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Maharashtra AAR – 18% GST payable on PV DC cables

GST

The Maharashtra Authority of Advance Ruling (AAR), consisting of Rajiv Magoo and T.R. Ramnani, has ruled that 18% GST is payable on PV DC cables.

The applicant is in the business of manufacturing and supplying solar cables, commonly known as photo-voltaic DC cables (PVDC cables) under various brand names. The cables are made from copper conductors with cross-linked polyolefin (XLPO) insulation and are used between solar modules and inverters in a photovoltaic system.

The applicant supplies cables to its customers for the commissioning and stationing of solar power generating systems (SPGS). The cables connect a solar panel or array with inverters only for the purpose of carrying electricity between solar panels and inverters. The cables are exclusively used by manufacturers of SPGS, Procurement, Construction Company (EPC Company), for setting up a solar power plant as inputs for transmitting direct current from a PV module in SPGS. The cables are specifically designed and tailor-made for solar power projects. Thus, the cables have restricted applications and are used in a photovoltaic system only for the generation and transmission of solar energy.

The applicant has sought an advance ruling on the issue in respect of GST rates on PV DC Cables manufactured and supplied by Leoni Cable Solutions (India) Pvt Ltd to its customers who are into the business of manufacturing solar power generating systems or EPC companies setting up a solar power plant.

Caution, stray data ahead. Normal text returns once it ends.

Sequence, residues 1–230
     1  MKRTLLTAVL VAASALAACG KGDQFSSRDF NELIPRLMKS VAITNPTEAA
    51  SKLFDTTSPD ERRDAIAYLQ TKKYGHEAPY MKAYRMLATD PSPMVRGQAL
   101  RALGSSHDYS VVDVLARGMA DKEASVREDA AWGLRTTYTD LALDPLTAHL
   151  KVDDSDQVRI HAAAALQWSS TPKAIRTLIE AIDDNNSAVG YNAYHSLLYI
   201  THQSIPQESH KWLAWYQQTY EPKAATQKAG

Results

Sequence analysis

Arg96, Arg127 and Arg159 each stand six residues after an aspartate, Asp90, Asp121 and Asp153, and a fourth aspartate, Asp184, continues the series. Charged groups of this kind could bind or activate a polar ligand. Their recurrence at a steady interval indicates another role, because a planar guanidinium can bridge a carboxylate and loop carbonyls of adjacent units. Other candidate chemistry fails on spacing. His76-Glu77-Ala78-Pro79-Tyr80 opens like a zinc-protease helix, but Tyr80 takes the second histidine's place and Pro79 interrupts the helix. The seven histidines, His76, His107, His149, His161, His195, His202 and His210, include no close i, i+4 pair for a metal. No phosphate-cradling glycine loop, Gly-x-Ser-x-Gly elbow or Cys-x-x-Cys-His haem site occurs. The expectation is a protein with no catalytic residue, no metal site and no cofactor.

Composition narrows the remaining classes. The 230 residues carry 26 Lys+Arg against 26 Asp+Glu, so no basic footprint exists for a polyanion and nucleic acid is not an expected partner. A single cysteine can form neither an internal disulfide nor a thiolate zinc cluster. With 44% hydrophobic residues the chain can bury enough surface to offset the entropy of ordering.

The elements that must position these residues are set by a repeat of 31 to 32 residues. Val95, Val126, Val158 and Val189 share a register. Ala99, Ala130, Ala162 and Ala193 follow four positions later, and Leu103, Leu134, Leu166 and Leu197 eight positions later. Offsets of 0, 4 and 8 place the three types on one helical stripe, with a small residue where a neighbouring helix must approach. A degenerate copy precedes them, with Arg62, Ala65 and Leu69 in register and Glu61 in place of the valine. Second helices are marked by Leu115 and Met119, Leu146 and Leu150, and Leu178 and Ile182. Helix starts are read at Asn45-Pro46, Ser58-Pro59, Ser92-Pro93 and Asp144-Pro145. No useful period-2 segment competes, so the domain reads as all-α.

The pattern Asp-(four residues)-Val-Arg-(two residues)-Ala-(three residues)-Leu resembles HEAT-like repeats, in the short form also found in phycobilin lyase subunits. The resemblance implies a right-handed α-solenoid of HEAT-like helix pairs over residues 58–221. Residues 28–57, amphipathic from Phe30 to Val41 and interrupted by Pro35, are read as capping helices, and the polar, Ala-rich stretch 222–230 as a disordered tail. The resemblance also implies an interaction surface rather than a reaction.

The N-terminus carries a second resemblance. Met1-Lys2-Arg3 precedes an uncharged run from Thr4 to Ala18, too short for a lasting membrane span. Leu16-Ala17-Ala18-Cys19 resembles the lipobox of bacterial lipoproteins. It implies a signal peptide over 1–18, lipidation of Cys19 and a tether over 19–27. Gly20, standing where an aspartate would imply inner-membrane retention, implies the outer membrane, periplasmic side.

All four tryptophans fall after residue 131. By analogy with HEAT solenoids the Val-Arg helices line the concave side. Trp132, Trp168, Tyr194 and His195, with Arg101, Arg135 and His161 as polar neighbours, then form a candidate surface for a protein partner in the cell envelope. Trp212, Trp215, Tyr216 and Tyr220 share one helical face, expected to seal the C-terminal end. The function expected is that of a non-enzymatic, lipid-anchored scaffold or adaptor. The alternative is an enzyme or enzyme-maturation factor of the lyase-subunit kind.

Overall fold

The AAR noted that the PV DC cables manufactured and supplied by the applicant to its customers would be classified under Entry number 395 of Schedule III of Notification No. 1/2017-Central Tax (Rate) (as amended) dated June 28, 2017, and liable to GST at 18%.

Applicant’s Name: Leoni Cable Solutions (India) Pvt Ltd

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GSTN issued advisory w.r.t. availing ITC as per law and GSTR-2B

The Goods and Services Tax Network (“GSTN”) has issued an advisory dated June 18, 2022, regarding availing Input Tax Credit (“ITC”) as per law and GSTR-2B.

For some of the taxpayers, there was an issue in relation to duplicate entries in GSTR-2B which has since been fixed and correct GSTR-2B has been generated. In this regard, taxpayers while filing GSTR-3B, are advised to check and ensure that the value of ITC they are availing of is correct as per the law.

They may check the correct ITC value from the download of Auto drafted ITC statement GSTR-2B or pdf of System Generated GSTR-3B or on the ITC observed on the mouse hover of Table 4 in GSTR-3B, particularly in any such case where there is any difference observed between the correct figures available at places as stated above and the pre-filled GSTR-3B observed on-screen.

Chartered Accountant in Pimpri Chinchwad